The layers of material 10 and particularly the preferred embodiments are described in FIG. 2, and generally must resist the ingress of moisture resist puncture by any sharp protrusion and maintain its integrity for the life of the product. Any laminate or substrate material capable of resisting puncture, withstanding chemical environments, and temperature extremes while maintaining a high level of protection against moisture ingress and other environmental hazards and the like is suitable for use in this invention. Particularly, materials which are known to be stable and consistent over time in these environments are suitable.
A preferred laminate construction would be of sufficient thickness to be handled without puncture, tear or loss of seal integrity. Ranges for the layer thickness are up to 12 mils for the outside layers, 4 mils for the inside layers, and 1 mil for the middle layer. A particular sheet material 10 comprises top and bottom layers of a suitable material such as high density polyethylene about 6 mils thick and interior layers of ionomer about 2 mils thick and a center layer 1 mil of a metal such as aluminum or other suitable material. Interlaminar bond strength should remain above 2 lbs./inch as per ASTM D 1876-93. Optionally the interior surface of the material may be made black to absorb heat radiated by the active electronics during operation. Additionally the exterior and or the interior surfaces may be made with an antistatic coating to reduce electro-static-discharge ESD potential. In certain environments the envelope is an inner and an outer layer of plastic with a central metal layer. Suitable thicknesses are 15 mls., 1 mls. and 15 mls., respectively.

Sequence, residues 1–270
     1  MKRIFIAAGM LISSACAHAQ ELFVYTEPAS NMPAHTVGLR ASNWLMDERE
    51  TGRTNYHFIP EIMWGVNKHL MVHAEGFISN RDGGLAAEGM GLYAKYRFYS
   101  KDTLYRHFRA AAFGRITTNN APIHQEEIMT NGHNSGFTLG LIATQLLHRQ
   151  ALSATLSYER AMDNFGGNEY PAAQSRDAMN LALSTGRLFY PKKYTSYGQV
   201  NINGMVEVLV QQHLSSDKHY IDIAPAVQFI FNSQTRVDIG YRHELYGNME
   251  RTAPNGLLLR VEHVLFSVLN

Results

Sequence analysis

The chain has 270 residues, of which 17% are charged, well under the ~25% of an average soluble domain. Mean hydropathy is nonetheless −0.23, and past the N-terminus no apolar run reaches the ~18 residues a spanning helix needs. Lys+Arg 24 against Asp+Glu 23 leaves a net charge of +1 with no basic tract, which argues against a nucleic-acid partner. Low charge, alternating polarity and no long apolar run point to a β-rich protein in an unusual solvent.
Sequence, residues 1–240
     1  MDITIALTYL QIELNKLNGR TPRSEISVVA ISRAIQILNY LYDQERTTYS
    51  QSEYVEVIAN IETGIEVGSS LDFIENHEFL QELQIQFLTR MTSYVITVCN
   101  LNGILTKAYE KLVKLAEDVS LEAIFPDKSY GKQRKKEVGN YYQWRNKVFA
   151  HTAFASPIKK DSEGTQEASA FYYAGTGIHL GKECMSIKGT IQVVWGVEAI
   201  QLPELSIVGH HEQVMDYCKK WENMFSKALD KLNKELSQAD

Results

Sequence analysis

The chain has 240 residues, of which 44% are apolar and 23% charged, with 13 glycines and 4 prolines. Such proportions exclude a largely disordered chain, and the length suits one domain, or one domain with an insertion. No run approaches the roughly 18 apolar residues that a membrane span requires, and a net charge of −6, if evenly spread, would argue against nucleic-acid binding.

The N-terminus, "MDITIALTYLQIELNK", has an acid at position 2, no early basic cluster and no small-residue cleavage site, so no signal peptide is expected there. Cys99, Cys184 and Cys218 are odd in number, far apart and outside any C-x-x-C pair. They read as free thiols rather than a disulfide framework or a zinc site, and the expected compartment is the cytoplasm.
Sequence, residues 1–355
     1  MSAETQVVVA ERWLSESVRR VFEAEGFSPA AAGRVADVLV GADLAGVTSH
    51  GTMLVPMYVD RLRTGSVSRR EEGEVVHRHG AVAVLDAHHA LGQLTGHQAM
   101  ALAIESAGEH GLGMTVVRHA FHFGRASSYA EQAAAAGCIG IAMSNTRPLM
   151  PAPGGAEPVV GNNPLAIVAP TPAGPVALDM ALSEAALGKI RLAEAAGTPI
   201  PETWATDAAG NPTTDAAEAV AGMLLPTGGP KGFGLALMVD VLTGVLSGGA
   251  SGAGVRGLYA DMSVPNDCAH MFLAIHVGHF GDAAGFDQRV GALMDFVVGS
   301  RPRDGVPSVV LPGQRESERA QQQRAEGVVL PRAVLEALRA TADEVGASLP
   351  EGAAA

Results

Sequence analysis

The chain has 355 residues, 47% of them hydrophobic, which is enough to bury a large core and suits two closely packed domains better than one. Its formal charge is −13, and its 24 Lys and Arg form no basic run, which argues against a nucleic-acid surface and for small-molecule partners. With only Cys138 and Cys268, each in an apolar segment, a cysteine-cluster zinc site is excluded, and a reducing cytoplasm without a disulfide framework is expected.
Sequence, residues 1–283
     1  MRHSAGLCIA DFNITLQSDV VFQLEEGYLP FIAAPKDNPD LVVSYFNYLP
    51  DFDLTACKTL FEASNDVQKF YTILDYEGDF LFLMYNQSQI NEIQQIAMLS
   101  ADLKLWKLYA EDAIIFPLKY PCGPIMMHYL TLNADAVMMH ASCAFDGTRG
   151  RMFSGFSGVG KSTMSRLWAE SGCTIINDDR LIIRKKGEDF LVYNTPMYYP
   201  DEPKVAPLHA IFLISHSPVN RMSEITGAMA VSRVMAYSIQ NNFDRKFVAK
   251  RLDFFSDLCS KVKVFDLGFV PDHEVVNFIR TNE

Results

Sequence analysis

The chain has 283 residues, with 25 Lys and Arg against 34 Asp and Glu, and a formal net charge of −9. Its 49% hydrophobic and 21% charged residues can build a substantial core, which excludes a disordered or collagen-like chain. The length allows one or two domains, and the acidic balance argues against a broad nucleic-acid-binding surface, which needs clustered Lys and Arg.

The general performance of the sheet material must pass the following specifications: the puncture resistance of the material when tested using ASTM F 1306-90 with a screwdriver type tip should be greater than 25 lbs., and with a pin type tip should be greater than 15 lbs. Preferably the screwdriver puncture resistance should be greater than 30 lbs and pin resistance 20 lbs. The material should have a tear resistance of greater than 8 lbs, preferably greater than 12 lbs. when tested according to ASTM D 2582-93. The heat seal obtained at the seams of the laminate when formed into a pouch should resist separation by a force of greater than 30 lbs. most preferably greater than 35 lbs. when tested to ASTM D 1876-93. These performance characteristics should not degrade significantly with time or environmental exposure.